Fri, Apr. 11th, 2014, 03:00 pm
snopes_dot_com: Five Million E.T. Pieces

Legend has it that in 1983, Atari disposed of millions of unsold 'E.T.' game cartridges in an Alamogordo landfill. Is that really what the company buried out in the New Mexico desert, or was it something else?

Fri, Apr. 11th, 2014, 10:05 am
scott_aaronson: Is There Anything Beyond Quantum Computing?

So I’ve written an article about the above question for PBS’s website—a sort of tl;dr version of my 2005 survey paper NP-Complete Problems and Physical Reality, but updated with new material about the simulation of quantum field theories and about AdS/CFT.  Go over there, read the article (it’s free), then come back here to talk about it if you like.  Thanks so much to Kate Becker for commissioning the article.

In other news, there’s a profile of me at MIT News (called “The Complexonaut”) that some people might find amusing.

Oh, and anyone who thinks the main reason to care about quantum computing is that, if our civilization ever manages to surmount the profound scientific and technological obstacles to building a scalable quantum computer, then that little padlock icon on your web browser would no longer represent ironclad security?  Ha ha.  Yeah, it turns out that, besides factoring integers, you can also break OpenSSL by (for example) exploiting a memory bug in C.  The main reason to care about quantum computing is, and has always been, science.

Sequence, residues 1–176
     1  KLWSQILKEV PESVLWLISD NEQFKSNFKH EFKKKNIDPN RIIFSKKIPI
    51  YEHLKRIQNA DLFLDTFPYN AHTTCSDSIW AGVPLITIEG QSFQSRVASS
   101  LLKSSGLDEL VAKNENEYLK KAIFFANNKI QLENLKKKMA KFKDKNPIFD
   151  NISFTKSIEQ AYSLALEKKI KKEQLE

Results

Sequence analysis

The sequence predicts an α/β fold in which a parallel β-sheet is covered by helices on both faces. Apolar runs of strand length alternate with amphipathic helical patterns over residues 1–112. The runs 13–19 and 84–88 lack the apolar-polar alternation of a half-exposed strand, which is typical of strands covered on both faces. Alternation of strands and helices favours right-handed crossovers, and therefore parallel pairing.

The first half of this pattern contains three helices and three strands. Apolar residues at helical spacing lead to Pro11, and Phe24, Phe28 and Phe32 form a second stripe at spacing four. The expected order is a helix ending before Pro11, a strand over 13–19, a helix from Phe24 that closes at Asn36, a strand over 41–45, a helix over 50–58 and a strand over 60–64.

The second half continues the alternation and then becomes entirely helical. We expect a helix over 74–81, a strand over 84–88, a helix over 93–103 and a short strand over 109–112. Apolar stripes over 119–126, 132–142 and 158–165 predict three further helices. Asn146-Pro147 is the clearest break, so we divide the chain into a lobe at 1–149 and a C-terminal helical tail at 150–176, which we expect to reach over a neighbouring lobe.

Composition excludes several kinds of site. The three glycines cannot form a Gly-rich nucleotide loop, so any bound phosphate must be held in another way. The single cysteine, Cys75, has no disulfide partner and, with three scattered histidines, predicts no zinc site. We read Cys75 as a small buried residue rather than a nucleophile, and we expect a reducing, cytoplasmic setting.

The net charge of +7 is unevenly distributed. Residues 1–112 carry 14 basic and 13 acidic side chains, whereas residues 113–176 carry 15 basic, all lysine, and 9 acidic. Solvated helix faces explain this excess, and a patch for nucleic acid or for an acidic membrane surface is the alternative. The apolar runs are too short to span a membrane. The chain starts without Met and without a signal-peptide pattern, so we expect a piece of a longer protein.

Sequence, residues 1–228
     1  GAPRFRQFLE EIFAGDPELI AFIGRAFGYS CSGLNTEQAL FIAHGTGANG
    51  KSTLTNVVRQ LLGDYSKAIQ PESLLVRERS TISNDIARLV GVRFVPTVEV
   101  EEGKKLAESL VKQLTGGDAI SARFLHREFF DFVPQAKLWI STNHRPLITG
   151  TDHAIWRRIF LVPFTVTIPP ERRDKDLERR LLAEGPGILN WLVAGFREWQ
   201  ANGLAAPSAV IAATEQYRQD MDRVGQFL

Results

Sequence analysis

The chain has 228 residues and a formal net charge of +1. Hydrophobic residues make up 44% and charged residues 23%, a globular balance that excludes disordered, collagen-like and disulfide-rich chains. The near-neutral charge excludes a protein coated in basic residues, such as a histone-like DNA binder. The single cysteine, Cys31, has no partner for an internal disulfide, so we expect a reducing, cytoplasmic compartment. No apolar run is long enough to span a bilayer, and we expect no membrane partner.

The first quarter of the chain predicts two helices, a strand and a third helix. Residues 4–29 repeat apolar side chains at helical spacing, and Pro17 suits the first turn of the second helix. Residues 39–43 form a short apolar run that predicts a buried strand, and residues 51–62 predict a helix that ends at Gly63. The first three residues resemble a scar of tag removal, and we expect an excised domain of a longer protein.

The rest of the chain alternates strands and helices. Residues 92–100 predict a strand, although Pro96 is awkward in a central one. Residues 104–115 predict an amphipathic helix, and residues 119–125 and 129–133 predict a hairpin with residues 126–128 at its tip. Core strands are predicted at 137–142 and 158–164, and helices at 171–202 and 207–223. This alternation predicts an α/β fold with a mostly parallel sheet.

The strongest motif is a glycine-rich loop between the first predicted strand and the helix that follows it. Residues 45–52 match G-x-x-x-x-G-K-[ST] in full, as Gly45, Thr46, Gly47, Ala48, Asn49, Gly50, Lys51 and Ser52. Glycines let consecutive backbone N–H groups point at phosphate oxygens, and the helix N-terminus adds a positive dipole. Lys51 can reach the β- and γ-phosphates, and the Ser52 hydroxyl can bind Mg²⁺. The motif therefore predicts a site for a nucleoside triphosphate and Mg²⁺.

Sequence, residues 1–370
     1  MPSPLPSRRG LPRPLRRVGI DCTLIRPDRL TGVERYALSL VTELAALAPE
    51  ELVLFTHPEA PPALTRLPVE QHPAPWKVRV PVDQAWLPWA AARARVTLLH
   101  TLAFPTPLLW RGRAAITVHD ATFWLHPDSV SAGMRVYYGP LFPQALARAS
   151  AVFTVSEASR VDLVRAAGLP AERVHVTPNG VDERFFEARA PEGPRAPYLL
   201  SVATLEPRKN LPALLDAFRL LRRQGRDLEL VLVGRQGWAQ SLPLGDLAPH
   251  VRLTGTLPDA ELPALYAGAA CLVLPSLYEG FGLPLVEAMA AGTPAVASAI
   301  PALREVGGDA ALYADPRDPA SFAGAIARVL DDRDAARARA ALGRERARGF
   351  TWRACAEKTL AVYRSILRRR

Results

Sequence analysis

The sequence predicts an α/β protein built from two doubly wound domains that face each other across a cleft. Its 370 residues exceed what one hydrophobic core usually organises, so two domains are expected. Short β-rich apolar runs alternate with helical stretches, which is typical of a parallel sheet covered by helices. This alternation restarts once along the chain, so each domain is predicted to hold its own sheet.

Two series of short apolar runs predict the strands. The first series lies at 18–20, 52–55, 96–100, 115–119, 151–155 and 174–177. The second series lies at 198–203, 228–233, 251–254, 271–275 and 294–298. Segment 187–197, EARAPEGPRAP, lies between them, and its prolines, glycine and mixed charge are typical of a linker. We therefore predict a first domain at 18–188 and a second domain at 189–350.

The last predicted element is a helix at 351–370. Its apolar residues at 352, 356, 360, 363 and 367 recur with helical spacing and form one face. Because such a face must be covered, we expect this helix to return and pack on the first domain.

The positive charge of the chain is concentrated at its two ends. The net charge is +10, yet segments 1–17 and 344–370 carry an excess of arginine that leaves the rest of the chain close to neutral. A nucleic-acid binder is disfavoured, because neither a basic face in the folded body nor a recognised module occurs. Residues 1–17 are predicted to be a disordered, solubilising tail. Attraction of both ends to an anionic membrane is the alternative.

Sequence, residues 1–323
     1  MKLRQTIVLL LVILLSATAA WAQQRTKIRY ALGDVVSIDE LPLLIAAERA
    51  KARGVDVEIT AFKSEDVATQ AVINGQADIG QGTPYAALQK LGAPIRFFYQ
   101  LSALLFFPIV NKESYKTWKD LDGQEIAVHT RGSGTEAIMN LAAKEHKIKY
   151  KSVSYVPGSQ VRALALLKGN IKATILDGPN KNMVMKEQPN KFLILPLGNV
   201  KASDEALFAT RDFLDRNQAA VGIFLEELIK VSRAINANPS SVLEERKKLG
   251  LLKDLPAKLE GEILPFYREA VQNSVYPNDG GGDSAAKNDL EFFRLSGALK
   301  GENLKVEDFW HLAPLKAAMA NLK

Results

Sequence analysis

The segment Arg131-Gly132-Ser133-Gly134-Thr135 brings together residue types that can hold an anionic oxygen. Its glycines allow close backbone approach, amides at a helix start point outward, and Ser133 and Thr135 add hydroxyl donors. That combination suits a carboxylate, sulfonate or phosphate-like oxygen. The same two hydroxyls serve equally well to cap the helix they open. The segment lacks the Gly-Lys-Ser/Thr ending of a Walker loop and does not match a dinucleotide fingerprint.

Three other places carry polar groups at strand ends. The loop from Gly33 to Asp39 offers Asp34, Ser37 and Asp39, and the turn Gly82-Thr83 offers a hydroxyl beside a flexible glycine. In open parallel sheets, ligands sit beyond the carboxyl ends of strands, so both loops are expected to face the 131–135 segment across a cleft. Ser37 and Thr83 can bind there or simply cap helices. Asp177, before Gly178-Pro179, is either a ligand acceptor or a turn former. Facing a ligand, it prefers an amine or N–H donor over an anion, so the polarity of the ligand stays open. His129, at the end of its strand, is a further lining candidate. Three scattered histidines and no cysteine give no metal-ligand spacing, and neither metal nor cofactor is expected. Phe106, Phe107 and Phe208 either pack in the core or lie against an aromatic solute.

Fri, Apr. 11th, 2014, 09:45 am
daily_wtf: Error'd: Visit Scenic NON-STATIC METHOD

"I was hoping to take a trip to Hong Kong, but NON-STATIC METHOD seems to be a good value," writes Ryan.


"I had a feeling that this new laptop might run hot," Kelly L. wrote, "but I wasn't...

Thu, Apr. 10th, 2014, 03:00 pm
snopes_dot_com: Smoking Bedbugs

Are schoolkids really smoking and injecting crushed bedbugs to get high from a hallucinogenic substance they contain?

Thu, Apr. 10th, 2014, 03:00 pm
snopes_dot_com: Black Hole

Are Kansas legislators considering a bill that would force the Fox science show 'COSMOS' off the air in that state?

Thu, Apr. 10th, 2014, 10:15 am
daily_wtf: Best of Email: (Un)Helpful Support, An Epic Opportunity, and more!,-An-Epic-Opportunity,-and-more!.aspx

Don't forget, The Daily WTF loves terrible emails. If you have some to share, mail in your mail!

Perfectly Safe to Open This (from Alex)

"I mean, to some extent I'm happy to receive offers, but...

Wed, Apr. 9th, 2014, 09:24 pm
computcomplexit: Favorite Theorems: Extended Formulations

The first couple of favorite theorems took place at the beginning of the last decade, but recent years have brought exciting results as well, such as the limitations of using linear programs to solve hard problems.
It all started with a paper by E.R. "Ted" Swart (the Deolalikar of the 80's) that claimed to show P = NP by giving a polynomial-time algorithm for Traveling Salesman based on linear programming. Yannakakis put the nail in that technique by showing that no symmetric linear program formulation can solve the traveling salesman problem. The TSP problem expressed as a linear program has many facets (multi-dimensional faces) but one could possibly have a higher dimensional polytope with a smaller number of facets that could project down to the TSP polytope. Yannakakis showed that these higher dimensional symmetric polytopes must still have many facets by showing an equivalence between the smallest number of facets and the monotone dimension of a slack matrix of the polytope describing the TSP.